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Sacramentality

(1,630 words)

Author(s): Slenczka, Notger
1. Term The term “sacramentality” and the related adjective “sacramental” have no single meaning but are used in different ways in different connections. Formally, “sacramentality” is an abstract term based on “sacrament” and denoting what is essential to a sacrament as such. It serves, then, to show with what right the church describes various actions as sacraments. In this sense M. J. Scheeben (1835–88) raised the question of the sacramentality of marriage (pp. 593–610). By its very nature the term “sacramentality” looks beyond the question of the number of sacramen…

Reformation Principles

(524 words)

Author(s): Slenczka, Notger
1. By the term “Reformation principles” the Formula of Concord and Protestant orthodoxy (§1) understand negatively slanted formulations of the doctrine of justification, above all sola fide, “by faith alone,” on the basis of Martin Luther’s (1483–1546) rendering of Romans 3:28 (see LW  ¶ 35.187ff.; Faith 3.5.3). This exclusion of works as a ground of justification does not mean the isolating of faith but singles out justifying faith because it receives the righteousness of Christ that is given by grace alone. The formula thus has the implication of solus Christus (Christ alone) and sol…

Ubiquity

(692 words)

Author(s): Slenczka, Notger
1. In the context of Christian theology, ubiquity, or the teaching that God is everywhere (Lat. ubique), is related to the distinction between God and the world (i.e., God’s transcendence). The omnipresence of God shows clearly that the divine transcendence (Immanence and Transcendence) does not mean that the Creator is alongside the creature but involves the direct permeation of every creature by the Creator, who has given it its being and maintains it in being ( conservatio; Creation). Pantheism, which stresses the unity of God with the world, does at least resist the…

International Council of Community Churches

(493 words)

Author(s): Slenczka, Notger
The International Council of Community Churches (ICCC) is a national organization of independent churches in the United States. It works particularly to foster a sense of Christian loyalty to a church’s own community, instead of primary loyalty going to a denomination or other organization outside that community. Its fourfold stated vision is to “affirm individual freedom of conscience; protect and promote church self-determination; proclaim that the love of God, which unites, can overcome any d…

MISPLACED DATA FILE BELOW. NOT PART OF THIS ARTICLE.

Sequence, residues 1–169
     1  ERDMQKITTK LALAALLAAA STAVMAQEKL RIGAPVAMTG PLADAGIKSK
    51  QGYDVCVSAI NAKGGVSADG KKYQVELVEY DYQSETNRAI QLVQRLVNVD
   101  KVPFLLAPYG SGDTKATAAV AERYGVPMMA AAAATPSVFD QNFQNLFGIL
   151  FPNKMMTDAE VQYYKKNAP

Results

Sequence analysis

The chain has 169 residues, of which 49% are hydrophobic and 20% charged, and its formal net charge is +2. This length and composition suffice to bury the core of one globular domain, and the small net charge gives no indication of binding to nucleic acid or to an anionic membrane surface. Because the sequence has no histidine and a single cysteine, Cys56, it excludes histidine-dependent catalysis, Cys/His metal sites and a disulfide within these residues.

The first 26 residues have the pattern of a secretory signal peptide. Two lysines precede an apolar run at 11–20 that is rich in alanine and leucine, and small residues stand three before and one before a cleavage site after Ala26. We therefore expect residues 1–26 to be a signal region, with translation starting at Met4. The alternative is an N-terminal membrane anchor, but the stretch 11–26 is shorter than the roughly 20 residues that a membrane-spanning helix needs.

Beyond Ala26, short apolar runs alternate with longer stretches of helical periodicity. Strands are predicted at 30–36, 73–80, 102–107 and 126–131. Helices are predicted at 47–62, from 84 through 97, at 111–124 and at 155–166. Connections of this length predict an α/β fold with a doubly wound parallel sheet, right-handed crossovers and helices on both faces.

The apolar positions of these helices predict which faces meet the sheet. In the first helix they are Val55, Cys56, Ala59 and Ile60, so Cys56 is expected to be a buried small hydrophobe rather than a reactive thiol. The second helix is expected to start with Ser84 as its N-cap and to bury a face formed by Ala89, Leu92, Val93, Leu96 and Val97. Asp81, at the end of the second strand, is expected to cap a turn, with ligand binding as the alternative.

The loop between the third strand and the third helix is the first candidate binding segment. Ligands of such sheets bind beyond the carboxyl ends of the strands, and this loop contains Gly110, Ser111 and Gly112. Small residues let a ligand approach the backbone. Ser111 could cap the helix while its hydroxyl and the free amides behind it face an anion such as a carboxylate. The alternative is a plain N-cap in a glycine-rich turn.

Stier

(159 words)

Author(s): Slenczka, Notger
[English Version] Stier, Rudolf Ewald (17.3.1800 Fronstadt, Niederschlesien – 16.12.1862 Eisleben), gehört in den Zusammenhang der Erweckungsbewegung nach 1817. Geprägt durch die Romantik (lit. Tätigkeit) und die Burschenschaften fand er 1818 Anschluß an F.A. G. Tholuck und an die erweckten Kreise um H.E. Baron v. Kottwitz und datierte auf 1818 seine Bekehrung. S. war als akademischer Lehrer (u.a. in Barmen-Wichlinghausen) tätig. Sein Interesse galt der Exegese, und hier zunächst der Textgrundlage (…

Thomasius

(169 words)

Author(s): Slenczka, Notger
[English Version] Thomasius, Gottfried (26.7.1802 Egenhausen – 24.1.1875 Erlangen), gehört in das Feld der »Erlanger Schule« (Prof. dort seit 1842). Th. betrachtete die Schrift, das kirchl. Bekenntnis und das individuelle Bewußtsein des Heils (Glaube) als inhaltlich identische Manifestationen des Christentums; er entwarf seine um die Christologie konzentrierte und deren Implikationen entfaltende Dogmatik (Christi Person und Werk, 5 [Teil-]Bde., 1852–1861) methodisch als Explikation des durch Christ…

Realpräsenz

(558 words)

Author(s): Slenczka, Notger
[English Version] . Der Begriff bez. zunächst eine Position, die in einem wörtl. Verständnis der Einsetzungsworte (Dies ist mein Leib/Blut) davon ausgeht, daß »in, mit und unter« den Elementen des Abendmahls tatsächlich der Leib und das Blut Jesu Christi empfangen wird; dies in Abgrenzung etwa zur Position des Berengar von Tours oder Zwingli, welche die Einsetzungsworte als uneigentliche Rede deuten und die Elemente als Hinweiszeichen auf die nach der Himmelfahrt zur Rechten Gottes sitzende Mensch…